Eva M. Schlesinger – Four Poems


Egret’s Egress

That egret
white and still as bone
stilt legs on triangle of grass
freeway’s edge
stands proudly between two signs:
Pedestrians Prohibited
Wrong Way

His Choreographed Ballet

Whenever I came home,
he made a big deal of making up my bed
He whipped up the fitted sheet into white froth,
floating the Kliban cats cover sheet on top
He danced, around and around my bed
Embracing the end corners of the red and yellow wool blankets,
while I held the other ends, he waved them, billowing them into sails
My quilted pink-and-white bedspread flew on with a flourish

We Can Return

We can return to summers with the ice cream truck,
a dime for cherry Italian ices
We can run a lemonade stand for a nickel
We can run down Oneco or Nameaug or Granada
after a dog that likes to jump in the river and swim for hours,
a furry, shaggy dog with adoring eyes who shakes water all over
my bare legs and licks my cheek when she returns again and again

I pan for gold treasures in cardboard boxes in the attic,
play circus with little bears who are forever young
The bears play checkers at fine wooden tables
waiting for me to join them
And join them I do
Twice a year I vacation at a resort for little bears
We sit inside their little house and catch up on the news
I still remember how to speak their language

I lie on the blue green shag rug, mesmerized by
Norma Klein, Paula Danziger, and Judy Blume’s books
They embrace me and fill me with warmth
I think about black beanbag chairs shaking and settling
A beanbag chair was a special gift for Hanukkah one year, and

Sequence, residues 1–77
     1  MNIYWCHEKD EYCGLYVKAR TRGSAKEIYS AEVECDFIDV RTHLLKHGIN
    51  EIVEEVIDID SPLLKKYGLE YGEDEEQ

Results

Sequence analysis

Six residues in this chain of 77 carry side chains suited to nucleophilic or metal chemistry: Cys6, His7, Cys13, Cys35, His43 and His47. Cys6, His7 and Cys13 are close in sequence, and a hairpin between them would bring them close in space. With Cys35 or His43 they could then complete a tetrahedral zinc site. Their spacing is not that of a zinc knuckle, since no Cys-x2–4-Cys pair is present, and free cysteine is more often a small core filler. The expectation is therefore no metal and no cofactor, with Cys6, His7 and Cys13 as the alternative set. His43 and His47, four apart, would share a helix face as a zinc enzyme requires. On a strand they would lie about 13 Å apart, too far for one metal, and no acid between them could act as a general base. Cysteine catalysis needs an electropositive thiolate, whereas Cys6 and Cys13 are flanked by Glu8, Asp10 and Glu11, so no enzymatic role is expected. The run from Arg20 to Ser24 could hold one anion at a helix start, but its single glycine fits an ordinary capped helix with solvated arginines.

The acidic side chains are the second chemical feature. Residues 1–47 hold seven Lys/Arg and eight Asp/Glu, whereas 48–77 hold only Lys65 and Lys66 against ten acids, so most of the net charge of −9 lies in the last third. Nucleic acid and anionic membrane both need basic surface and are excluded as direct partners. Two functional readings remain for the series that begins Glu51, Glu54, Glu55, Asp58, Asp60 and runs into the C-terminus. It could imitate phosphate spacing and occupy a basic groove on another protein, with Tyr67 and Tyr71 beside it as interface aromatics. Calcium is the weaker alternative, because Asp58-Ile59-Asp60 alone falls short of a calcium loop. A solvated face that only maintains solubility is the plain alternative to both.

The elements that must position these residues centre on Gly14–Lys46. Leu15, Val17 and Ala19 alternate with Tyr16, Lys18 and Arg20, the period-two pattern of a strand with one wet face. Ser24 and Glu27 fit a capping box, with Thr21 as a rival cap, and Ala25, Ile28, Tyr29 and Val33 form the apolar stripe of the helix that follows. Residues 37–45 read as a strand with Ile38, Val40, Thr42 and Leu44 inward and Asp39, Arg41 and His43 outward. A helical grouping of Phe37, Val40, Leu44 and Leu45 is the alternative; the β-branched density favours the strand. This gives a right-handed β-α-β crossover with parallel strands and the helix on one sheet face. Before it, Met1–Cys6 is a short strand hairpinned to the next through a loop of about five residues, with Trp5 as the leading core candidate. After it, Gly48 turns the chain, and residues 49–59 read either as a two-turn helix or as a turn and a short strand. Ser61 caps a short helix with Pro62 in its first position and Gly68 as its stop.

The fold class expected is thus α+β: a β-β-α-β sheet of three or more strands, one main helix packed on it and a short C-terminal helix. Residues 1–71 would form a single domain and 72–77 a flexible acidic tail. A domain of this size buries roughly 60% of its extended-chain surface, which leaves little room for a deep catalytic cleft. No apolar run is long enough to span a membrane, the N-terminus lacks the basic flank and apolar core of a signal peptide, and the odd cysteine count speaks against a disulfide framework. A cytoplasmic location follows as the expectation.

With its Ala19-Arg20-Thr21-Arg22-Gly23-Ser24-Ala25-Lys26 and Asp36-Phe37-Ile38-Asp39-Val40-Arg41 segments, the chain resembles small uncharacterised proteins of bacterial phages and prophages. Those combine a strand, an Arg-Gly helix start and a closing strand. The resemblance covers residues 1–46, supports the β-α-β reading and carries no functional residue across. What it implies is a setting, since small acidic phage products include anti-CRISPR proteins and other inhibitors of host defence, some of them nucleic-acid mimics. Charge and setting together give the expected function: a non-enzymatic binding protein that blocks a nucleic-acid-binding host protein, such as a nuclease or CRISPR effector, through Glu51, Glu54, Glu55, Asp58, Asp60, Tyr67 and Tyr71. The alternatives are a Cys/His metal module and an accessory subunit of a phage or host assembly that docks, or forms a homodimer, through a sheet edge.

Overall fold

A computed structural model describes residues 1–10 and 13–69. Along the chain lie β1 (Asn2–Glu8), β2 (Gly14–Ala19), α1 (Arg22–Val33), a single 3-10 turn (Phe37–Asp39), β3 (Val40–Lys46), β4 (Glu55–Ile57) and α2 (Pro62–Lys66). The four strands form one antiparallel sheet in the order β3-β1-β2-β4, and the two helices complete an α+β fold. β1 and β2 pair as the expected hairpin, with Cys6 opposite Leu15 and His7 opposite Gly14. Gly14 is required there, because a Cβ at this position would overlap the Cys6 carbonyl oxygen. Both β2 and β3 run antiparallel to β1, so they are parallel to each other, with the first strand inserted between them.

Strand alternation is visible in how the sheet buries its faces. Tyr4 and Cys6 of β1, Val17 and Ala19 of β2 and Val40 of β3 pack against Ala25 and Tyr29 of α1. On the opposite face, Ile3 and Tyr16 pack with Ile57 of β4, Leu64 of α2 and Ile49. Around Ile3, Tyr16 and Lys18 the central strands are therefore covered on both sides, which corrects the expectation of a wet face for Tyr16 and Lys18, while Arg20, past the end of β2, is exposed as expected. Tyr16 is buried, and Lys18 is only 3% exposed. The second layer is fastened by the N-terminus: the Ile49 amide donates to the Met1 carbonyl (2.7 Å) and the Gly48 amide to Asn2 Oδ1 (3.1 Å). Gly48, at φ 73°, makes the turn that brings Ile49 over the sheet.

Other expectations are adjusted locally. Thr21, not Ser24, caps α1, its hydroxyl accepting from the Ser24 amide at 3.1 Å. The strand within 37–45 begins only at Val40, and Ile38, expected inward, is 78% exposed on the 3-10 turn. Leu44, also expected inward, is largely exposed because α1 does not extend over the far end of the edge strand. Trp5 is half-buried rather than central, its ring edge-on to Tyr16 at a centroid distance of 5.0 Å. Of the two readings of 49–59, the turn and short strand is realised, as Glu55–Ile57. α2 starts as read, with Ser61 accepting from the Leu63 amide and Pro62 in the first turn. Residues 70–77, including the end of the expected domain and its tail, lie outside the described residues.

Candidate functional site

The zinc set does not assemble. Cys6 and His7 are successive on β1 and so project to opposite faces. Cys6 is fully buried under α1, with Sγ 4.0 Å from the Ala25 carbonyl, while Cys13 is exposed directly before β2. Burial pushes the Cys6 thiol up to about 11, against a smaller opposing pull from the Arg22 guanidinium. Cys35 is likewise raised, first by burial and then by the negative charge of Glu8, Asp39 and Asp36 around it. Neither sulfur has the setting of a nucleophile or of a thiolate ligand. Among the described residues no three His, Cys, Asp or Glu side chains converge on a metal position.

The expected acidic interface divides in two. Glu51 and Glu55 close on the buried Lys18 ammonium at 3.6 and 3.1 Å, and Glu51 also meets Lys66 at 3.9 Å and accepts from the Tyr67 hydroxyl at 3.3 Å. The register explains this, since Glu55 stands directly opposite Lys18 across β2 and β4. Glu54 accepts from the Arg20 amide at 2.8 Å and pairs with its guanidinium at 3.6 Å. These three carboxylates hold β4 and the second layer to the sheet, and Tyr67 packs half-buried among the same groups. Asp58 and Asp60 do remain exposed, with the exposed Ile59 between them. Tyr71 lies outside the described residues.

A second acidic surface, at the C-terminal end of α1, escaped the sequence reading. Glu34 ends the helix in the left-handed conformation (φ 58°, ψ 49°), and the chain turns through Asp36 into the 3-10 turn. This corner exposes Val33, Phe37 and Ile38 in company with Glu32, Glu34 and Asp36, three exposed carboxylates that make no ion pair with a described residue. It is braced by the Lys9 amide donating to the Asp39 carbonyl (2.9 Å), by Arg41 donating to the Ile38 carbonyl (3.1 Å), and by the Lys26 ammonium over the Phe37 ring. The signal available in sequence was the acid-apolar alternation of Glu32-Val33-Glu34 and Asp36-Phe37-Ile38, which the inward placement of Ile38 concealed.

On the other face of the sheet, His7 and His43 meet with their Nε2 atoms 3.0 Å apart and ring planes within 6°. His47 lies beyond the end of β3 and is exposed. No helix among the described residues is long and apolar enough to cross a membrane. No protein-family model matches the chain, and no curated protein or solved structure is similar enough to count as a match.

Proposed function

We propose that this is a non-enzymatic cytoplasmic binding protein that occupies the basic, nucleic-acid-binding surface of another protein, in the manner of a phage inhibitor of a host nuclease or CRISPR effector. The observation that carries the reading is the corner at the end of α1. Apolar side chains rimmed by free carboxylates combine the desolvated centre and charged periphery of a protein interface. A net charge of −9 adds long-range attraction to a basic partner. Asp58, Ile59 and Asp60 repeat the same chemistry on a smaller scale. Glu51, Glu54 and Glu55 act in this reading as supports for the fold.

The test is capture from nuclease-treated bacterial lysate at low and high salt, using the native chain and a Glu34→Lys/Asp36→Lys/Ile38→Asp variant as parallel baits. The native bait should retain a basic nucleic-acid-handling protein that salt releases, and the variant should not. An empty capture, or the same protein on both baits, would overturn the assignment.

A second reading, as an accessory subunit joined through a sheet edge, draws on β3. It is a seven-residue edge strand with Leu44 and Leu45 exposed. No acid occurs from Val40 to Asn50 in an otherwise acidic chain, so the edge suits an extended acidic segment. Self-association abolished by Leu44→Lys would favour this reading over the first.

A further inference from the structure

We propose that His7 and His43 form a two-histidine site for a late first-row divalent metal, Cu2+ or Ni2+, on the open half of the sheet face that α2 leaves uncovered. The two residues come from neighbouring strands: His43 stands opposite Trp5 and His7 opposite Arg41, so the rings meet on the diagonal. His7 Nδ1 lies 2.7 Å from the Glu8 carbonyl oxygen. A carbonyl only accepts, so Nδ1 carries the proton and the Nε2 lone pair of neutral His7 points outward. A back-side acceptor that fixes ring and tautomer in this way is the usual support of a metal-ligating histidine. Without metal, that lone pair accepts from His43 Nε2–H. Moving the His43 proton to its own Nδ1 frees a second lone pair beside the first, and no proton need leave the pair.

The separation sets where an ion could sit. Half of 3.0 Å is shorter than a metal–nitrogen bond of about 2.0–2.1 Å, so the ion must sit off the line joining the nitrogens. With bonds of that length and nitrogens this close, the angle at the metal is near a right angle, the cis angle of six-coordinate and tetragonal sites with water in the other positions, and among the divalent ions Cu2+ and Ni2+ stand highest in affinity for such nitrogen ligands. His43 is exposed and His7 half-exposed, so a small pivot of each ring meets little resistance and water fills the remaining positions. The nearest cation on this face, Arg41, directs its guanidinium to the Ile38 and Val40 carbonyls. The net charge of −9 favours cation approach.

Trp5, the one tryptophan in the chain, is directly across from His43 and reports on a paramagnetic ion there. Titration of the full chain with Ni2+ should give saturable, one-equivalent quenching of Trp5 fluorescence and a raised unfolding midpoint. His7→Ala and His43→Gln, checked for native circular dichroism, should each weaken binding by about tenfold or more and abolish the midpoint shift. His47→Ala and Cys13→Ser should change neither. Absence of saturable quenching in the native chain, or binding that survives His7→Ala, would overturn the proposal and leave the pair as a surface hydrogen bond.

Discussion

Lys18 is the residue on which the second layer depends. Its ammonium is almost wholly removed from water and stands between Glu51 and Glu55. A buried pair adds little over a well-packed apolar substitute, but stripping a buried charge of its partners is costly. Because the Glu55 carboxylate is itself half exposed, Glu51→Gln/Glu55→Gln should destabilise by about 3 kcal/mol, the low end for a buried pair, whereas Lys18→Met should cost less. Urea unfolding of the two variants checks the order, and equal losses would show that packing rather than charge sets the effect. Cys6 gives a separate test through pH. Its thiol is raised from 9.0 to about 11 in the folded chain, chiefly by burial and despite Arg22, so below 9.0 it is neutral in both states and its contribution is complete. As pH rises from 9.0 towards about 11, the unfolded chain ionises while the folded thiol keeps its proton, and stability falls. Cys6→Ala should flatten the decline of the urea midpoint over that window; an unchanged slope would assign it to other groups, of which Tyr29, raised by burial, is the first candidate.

I spent all my time curled up, reading
I wish for it now, along with grape Popsicles and sprinklers and
eight-year-old girls in one-piece bathing suits to run through the
water with me and giggle when the spray touches our skin

Most of all, I long for my grandmother lying on her chaise under the dogwood with the
shaggy, furry dog, the one with adoring eyes, beside her
I long for those long, humid days of summer
when we’d read to each other, pop Tic Tacs into our mouths,
and write plays that made us shriek with laughter
The breeze was cool
The lemonade quenched our thirst

Summer At Twenty-One

I loved the air before dusk
Still warm, no longer hot
I lay in the front porch hammock,
the crickets singing with glee
kids playing ball on our dead end street

I lay watching the sky
change from light blue to stardust to purple
writing in a little notebook
my grandmother gave me
I wrote about the moment I was in
I had sunk my teeth in
like a delicious apple
with juice running down my cheeks

No one bothered me on the porch
They said hi as they passed by or climbed the stairs to go in
Abby, who screamed at her parents
Lizz, in construction, who earned ten dollars an hour
I was in awe of those ten dollars,
but I didn’t want to work behind a jackhammer
or wear thick brown pants and work boots on humid days

I didn’t think much about the future,
around the corner from me

I felt the braided web of hammock
smelled the air cooled off in the dusk,
heard the crickets singing their chorus over and over
and I was happy to let each moment come to me
the way the stars burst,
one at a time

Author’s Statement on Beauty

Many years ago, I lived in a co-op in Madison, Wisconsin. I loved hanging out with my housemates. We’d talk and laugh and I felt tucked inside the moment. Since then, when I’ve experienced time that sparkles in the same way, I refer to it as a Madison Moment. I could just as easily call it a Beauty Moment. It’s that point when worlds blend and I feel in sync. It happens in community or solitude. It happens when I’m immersed in creating, when my words arrange themselves the right way on the page, colors shine and relate to one another in my drawings and photographs, and musical notes create a song.

Eva M. Schlesinger, author of Remembering the Walker and Wheelchair: poems of grief and healing (Finishing Line Press, 2008), View From My Banilla Vanilla Villa (dancing girl press, 2010), and two other dancing girl titles, including one slated for publication fall 2017. Work appears in Cooking with The Muse, Changing Harm To Harmony: Bullies & Bystanders Project, Little Red Tree International Poetry Prize 2012 Anthology, and elsewhere. She has also been a Grand Slam contender on The Moth Stage, where she made the audience of 1,400 laugh nonstop.